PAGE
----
Changes for CMS Imaging Reimbursement: 6 Things for Orthopedic and Spine Providers to Know

Written by Laura Dyrda | July 20, 2011 | Print  |
If your practice bills Medicare for MRI or CT services, are you prepared for MIPPA? On July 15, 2008, the Centers for Medicare & Medicaid Services (CMS) issued the Medicare Improvements for Patients and Providers Act (MIPPA). Effective Jan. 1, 2012, all non-hospital providers of advanced diagnostic imaging services (ADIS) including CT and MRI examinations must be certified by one of three credentialing agencies in order to receive Medicare payment for technical fees under Part B of the Medicare Physician Fee. MIPPA eliminates any grace period so the entire certification process must be completed by the Jan. 1, 2012 deadline in order for orthopedic groups or musculoskeletal imaging centers to receive payment. The accreditation requirements are stringent and a minimum of 2-6 months is required to complete the accreditation process.

"Many orthopedic groups are not aware of the potential impact of MIPPA on their practice" says Douglas K. Smith, MD, President of Musculoskeletal Imaging Consultants LLC. "If an orthopedic group owns or operates an uncertified MRI, the first time the group may become aware of MIPPA is when the group's Medicare claims are denied and the group is prevented from billing Medicare for months while it obtains MIPPA compliance. Medicare may even deny payment to orthopedic groups with a currently certified scanner if the group does not address new MIPPA quality assurance requirements. MIPPA may adversely affect orthopedic groups even if they don't own a scanner. They may suddenly discover that their favorite imaging center suddenly stops accepting Medicare patients after 1/1/12 because the scanner or center has failed to meet the 1/1/12 MIPPA certification deadline".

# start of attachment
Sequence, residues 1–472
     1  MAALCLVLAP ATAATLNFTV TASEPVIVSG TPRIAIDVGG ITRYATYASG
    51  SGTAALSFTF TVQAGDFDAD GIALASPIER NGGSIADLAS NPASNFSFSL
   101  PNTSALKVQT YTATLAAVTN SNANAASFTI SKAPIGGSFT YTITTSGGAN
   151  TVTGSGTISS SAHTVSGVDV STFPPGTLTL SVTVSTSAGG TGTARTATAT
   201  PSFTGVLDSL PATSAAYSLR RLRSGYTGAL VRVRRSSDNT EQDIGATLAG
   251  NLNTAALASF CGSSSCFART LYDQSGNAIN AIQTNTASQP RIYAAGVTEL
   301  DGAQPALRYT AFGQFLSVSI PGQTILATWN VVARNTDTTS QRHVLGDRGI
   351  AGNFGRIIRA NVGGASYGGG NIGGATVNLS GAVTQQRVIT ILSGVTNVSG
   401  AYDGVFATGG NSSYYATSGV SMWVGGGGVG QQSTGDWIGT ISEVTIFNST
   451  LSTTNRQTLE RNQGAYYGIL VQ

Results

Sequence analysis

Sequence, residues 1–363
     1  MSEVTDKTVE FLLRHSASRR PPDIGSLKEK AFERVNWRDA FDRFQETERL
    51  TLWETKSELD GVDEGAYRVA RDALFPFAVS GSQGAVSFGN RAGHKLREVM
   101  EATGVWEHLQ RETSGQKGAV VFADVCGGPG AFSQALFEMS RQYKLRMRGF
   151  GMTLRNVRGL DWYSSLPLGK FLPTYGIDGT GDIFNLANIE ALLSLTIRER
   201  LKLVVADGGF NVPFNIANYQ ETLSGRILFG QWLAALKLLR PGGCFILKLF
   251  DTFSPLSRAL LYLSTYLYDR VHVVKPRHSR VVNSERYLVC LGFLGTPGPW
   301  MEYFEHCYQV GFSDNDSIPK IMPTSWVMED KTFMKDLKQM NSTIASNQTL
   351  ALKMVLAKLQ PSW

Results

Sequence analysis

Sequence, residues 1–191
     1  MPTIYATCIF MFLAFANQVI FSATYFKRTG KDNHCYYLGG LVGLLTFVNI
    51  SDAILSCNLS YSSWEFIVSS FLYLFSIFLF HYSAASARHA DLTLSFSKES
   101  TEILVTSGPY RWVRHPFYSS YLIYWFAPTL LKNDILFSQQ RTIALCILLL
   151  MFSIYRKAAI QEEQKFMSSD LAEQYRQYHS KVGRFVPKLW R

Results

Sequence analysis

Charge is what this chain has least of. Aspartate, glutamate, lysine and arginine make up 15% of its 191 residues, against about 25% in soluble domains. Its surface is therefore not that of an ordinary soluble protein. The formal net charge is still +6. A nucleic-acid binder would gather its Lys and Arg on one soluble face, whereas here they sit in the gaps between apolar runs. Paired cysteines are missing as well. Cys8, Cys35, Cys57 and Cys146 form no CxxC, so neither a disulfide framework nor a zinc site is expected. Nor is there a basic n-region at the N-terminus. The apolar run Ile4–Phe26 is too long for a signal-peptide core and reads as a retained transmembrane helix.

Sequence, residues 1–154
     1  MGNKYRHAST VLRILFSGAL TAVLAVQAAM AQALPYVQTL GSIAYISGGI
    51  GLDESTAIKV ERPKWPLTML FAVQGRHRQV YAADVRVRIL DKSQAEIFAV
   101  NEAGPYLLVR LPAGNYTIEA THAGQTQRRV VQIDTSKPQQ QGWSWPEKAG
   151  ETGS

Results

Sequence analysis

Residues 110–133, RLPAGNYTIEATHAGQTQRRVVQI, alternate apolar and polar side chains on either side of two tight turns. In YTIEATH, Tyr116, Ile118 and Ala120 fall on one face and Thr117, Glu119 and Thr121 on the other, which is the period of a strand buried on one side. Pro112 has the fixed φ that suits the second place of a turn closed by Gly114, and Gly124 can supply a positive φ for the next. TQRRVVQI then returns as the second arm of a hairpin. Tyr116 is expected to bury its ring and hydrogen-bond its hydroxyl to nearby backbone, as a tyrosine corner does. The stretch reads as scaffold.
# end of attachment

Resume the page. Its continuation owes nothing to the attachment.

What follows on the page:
Dr. Smith discusses six points on the changes and how providers can prepare for them.

1. Practices with in-office MRI and imaging centers with MRI or CT need accreditation to receive Medicare payment after Jan. 1.
Prior to MIPAA/CMS, there was no Medicare requirement for scanner certification or requirement for quality assurance processes and procedures. However, this is all about to change. Effective Jan. 1, 2012, orthopedic groups with in-office MRI or owners of imaging centers must certify their MRI or CT by one of three credentialing entities in order to receive payment from Medicare.

The American College of Radiology (ACR), Intersocietal Accreditation Commission (IAC) and The Joint Commission (TJC) are the only CMS approved accreditation entities.. Ambulatory surgical centers typically bill Medicare under the Hospital Outpatient Prospective Payment System (HOPPS) rather than the Physician Fee Schedule and therefore are not affected by the MIPPA mandates.   

"MIPPA will ultimately improve the quality of imaging provided to all patients by requiring performance and safety standards for imaging devices and all personnel that use them to scan Medicare patients," says Dr. Smith. "At first these performance standards must only be met for Medicare patients but it likely that MIPPA certification standards will also be required by insurance carriers for all scanners."